Maldives: Nasheed rejects police summons

2012-02-15 09:00

Male - Ousted Maldives leader Mohamed Nasheed has rejected a police summons to record a statement about his actions as president, his spokesperson said on Wednesday.

Nasheed's former foreign minister Ahmed Naseem said Maldivian police had asked the former president to explain his controversial order to arrest a judge last month.

"Our lawyers have spoken to the police and made it clear that president Nasheed will not go to the police to make a statement," Naseem said, reiterating that they did not accept the legitimacy of the new regime.

Nasheed stepped down after three weeks of opposition-led protests which were capped by a mutiny last Tuesday. He said he was forced to resign following threats of violence from the rebel police and army officers.

The new government has not carried out a warrant for Nasheed's arrest after widespread violence following his resignation. International diplomatic pressure has mounted on President Mohamed Waheed not to escalate tensions.

A visiting European Union delegation in a statement asked the government to stop a campaign of "political retribution" targeting Nasheed's supporters.

"There must be an end to violence and no political retribution," the EU delegation said. "In this regard we note the large political rally being planned for Friday, and urge all sides to do everything possible to ensure that this takes place in a peaceful and lawful manner.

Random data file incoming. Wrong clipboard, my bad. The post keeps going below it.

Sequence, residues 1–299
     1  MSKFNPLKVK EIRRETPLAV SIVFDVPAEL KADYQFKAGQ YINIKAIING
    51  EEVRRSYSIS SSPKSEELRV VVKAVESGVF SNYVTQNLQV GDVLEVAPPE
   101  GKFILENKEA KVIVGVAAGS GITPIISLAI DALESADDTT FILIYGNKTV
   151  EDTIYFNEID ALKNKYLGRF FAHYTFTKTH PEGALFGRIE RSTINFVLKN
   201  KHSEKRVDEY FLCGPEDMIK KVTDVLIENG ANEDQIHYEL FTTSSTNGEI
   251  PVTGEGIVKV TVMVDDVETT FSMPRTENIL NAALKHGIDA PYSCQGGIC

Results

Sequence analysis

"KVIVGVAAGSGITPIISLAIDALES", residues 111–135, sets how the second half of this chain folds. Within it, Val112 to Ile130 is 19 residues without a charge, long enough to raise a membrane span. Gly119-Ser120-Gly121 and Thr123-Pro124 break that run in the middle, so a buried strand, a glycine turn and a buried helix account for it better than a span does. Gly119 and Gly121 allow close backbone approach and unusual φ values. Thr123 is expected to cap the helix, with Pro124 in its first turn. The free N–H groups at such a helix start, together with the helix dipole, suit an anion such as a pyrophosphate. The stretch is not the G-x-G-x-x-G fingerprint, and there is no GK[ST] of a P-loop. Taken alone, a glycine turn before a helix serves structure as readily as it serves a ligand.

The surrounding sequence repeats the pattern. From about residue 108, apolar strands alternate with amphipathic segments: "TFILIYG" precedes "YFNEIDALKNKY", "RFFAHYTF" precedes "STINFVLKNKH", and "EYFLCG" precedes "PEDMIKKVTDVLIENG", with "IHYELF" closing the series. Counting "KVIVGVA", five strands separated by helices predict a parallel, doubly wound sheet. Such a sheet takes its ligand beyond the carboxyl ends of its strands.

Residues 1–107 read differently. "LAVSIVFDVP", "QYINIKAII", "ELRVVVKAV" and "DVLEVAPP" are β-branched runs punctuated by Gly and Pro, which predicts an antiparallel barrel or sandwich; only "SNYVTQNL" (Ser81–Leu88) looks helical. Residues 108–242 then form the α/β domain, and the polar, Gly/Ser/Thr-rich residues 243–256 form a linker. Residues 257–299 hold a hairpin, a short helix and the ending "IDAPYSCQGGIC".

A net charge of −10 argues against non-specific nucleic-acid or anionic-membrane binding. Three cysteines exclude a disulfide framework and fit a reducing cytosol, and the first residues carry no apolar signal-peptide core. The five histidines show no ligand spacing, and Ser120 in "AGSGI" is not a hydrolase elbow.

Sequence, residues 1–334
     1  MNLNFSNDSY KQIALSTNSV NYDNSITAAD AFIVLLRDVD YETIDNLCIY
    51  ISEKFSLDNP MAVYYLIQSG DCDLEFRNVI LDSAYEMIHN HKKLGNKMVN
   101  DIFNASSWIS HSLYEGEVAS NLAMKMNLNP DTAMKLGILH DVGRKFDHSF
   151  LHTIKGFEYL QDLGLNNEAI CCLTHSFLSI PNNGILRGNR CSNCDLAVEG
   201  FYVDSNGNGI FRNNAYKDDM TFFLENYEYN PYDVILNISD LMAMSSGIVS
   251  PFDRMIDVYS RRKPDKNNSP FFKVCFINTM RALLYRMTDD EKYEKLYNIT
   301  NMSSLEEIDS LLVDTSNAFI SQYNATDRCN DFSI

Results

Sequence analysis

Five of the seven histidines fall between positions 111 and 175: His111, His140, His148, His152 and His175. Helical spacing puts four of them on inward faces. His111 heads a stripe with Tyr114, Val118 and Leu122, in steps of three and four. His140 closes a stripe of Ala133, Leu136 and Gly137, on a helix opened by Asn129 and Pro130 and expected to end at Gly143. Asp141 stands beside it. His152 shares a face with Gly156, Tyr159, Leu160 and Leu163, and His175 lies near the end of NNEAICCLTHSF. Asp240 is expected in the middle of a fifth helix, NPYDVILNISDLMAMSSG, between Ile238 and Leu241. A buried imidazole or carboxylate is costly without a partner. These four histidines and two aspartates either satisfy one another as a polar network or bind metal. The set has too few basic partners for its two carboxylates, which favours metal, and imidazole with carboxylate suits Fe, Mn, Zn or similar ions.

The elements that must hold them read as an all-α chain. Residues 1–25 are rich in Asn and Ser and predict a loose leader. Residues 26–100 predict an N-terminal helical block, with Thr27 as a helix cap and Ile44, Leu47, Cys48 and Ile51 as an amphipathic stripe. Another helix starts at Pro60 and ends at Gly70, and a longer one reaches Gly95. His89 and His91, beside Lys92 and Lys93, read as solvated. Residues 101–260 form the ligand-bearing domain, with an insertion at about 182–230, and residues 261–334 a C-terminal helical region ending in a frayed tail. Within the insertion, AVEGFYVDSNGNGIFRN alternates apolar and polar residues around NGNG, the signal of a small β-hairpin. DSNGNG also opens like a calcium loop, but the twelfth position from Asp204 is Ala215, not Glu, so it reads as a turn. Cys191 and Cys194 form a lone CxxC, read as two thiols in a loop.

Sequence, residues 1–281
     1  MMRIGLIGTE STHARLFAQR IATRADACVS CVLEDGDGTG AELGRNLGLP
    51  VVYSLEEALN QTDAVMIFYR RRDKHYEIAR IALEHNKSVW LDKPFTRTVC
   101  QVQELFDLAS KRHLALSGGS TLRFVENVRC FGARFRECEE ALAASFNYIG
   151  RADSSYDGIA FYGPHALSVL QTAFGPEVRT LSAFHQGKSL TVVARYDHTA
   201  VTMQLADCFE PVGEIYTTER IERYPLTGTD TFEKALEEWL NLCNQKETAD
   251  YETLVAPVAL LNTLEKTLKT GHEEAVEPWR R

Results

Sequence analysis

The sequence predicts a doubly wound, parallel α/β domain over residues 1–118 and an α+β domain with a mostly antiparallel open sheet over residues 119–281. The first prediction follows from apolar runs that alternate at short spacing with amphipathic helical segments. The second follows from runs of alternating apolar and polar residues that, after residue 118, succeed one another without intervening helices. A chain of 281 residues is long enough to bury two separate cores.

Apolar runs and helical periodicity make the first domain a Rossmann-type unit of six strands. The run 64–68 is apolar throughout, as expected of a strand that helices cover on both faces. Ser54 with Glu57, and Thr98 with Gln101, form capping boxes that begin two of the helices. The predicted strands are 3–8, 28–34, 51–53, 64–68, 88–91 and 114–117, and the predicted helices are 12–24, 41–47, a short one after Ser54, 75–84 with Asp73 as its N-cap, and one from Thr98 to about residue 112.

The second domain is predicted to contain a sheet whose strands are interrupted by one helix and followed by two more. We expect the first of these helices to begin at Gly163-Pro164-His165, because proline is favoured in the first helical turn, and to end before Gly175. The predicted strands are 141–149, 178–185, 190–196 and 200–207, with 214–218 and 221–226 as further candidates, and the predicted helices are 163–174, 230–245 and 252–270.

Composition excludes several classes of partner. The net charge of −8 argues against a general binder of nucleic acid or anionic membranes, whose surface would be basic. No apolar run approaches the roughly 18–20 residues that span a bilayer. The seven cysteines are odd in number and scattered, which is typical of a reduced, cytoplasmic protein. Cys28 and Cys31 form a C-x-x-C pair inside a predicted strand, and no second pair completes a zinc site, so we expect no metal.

"Acts of provocation on the part of participants or the use of excessive force by law enforcement agencies would be completely unacceptable at this point."

President Waheed has already agreed to a Commonwealth probe into the dramatic fall of Nasheed, the Muslim nation's first democratically elected leader who came to power in 2008.

  • alatassi - 2012-02-16 09:32

    "Nasheed stepped down after three weeks of opposition-led protests which were capped by a mutiny last Tuesday." This is being stated as fact, but the facts are in doubt. He gave a passionate speech the day he resigned about why it was better for the country, that he didn't want bloodshed over his decisions (the crowds of protests over his kidnapping of a high judge), and no one was compelling him to make the decision to resign. He wasn't being threatened at that time. His resignation was on live television shown around the world on a channel from Maldives. His vice president is now president. The country wants to move on, while he refuses to now. Does he think the country's laws are just for show, and the leader just does whatever he wants? It is inaccurate to say that he was deposed, as the evidence mostly points the other way.

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